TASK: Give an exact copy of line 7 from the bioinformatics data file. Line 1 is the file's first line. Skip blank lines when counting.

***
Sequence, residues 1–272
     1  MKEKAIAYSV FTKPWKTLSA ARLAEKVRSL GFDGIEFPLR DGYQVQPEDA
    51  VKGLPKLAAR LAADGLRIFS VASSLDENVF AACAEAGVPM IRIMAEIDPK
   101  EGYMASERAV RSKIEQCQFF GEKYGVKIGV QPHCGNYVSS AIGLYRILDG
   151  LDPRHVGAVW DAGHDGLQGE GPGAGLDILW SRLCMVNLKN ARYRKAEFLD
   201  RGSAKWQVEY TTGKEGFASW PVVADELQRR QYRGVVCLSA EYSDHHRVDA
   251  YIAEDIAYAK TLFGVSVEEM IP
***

   251  YIAEDIAYAK TLFGVSVEEM IP